Sunday, July 31, 2011

a la carte TV has arrived

...but probably not in the form or at the price that consumers wish. A recurring complaint has always been, "Why must I pay for 'packages' full of channels that I don't want? I'd rather pay for only the stuff I want."

With iTunes or Amazon, that's possible. Customers truly pay for only stuff of their choosing: no subscription to a package, channel, or even a program. Rather, they buy episode by episode, like buying a periodical off the rack every week or month. This degree of granularity and inconvenience is the opposite extreme of a channel package. It might be just right for some, yet others likely would prefer a moderate option; they'd be willing to pay more in return for a larger conglomerate of programs. Already, specialized "channels" both produce and aggregate programs according to specific interests of the audience. Is there a reason why they couldn't fill similar roles in the domain of digital on-demand entertainment?

Some object to the episodic prices, at two dollars or more, for fresh and in high definition. Of course, the bytes that constitute the episodes are undeniably cheap to transmit/copy, so the "per-unit production" cost is far lesser than the retail price. But the per-unit production cost is always a baseline and never the entirety of the cost to produce and sell. Producers and sellers must cover miscellaneous other costs, e.g. fixed bills like the company payroll or investments like R&D. (Although some products sell at a "loss" in order to stimulate future purchases.) The final price is what the "market will bear"; sellers and buyers settle on an amount acceptable to both. It seems to me that the price level could have a few reasons:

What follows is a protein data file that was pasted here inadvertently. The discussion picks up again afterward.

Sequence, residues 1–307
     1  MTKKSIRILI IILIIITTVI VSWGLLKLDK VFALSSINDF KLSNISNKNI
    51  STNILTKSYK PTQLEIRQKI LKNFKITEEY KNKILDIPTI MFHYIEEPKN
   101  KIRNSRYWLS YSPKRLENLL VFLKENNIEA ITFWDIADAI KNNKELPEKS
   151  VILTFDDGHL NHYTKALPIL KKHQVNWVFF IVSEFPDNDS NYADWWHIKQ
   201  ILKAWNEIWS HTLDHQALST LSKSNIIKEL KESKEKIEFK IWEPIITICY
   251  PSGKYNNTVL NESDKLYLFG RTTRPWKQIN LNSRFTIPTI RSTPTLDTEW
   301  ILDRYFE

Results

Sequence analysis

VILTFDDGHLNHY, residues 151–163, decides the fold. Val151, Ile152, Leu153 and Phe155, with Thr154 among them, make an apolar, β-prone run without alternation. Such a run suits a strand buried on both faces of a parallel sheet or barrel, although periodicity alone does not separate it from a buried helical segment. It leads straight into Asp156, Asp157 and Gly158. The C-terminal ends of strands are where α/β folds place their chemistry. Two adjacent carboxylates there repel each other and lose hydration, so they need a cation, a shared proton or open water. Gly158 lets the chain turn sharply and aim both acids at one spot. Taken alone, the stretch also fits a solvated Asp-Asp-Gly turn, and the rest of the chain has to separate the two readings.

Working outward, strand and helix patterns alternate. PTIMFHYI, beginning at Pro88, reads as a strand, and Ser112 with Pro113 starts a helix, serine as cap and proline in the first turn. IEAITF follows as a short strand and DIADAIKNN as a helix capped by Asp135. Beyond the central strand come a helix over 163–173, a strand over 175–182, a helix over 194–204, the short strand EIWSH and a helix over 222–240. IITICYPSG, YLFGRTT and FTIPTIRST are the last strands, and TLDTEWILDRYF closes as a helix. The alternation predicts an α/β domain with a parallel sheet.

• The most obvious is that the price should be greater than zero to compensate everyone involved in the creation and distribution of the episode. If professionals are to create episodes, then they can expect to trade their work for money. If professionals are to create and manage technology to store and send the bytes, then they can expect to trade their work and fixed-costs for money. Since advertisers aren't contributing (as they typically do during "free" Web streaming), the revenue must come directly from the audience. As with any product, the gross revenue is in effect spread throughout the full "supply chain".
  • Prices for fresh and well-encoded digital musical works, the experience of which lasts between three and six minutes, range from $0.69 to $1.25. At its cheapest this is $0.11 per minute of enjoyment ($0.69 divided by six minutes). At that rate, a 40-minute TV episode would be $4.40. This calculation ignores the fact that the TV episode is both aural and visual and therefore each minute is really superior to the song, whether in terms of raw quantity of data or in terms of the subjective impression.
  • The episode is bought, not rented. Presumably the price to see an episode only during a limited time frame would be cheaper, which is the rule for the movie "rentals" on these stores. What's being sold is the permission to stream (or download to a scrambled file) the episode for all time; in any case, certainly more than one viewing. While this is different than the traditional meaning of "ownership" (what happens when the seller/provider goes out of business?), it's not too far off. Generally speaking, the usual market alternative that's closer to "true" ownership, a DVD or BD stored on a home shelf, is relatively more cumbersome and expensive (per episode) and also not as timely.
  • Massive bundling in TV achieves large-scale economic efficiencies that wouldn't be possible if everything were unbundled. Hence the actual price per channel or program or episode will tend to be correspondingly greater. The supply and demand price curves for each item will vary. Items with greater production costs will cost more. Highly-desired items could cost more (because buyers are willing to pay more). Market competition will be more important than ever, assuming programs can act as substitutes for one another. 

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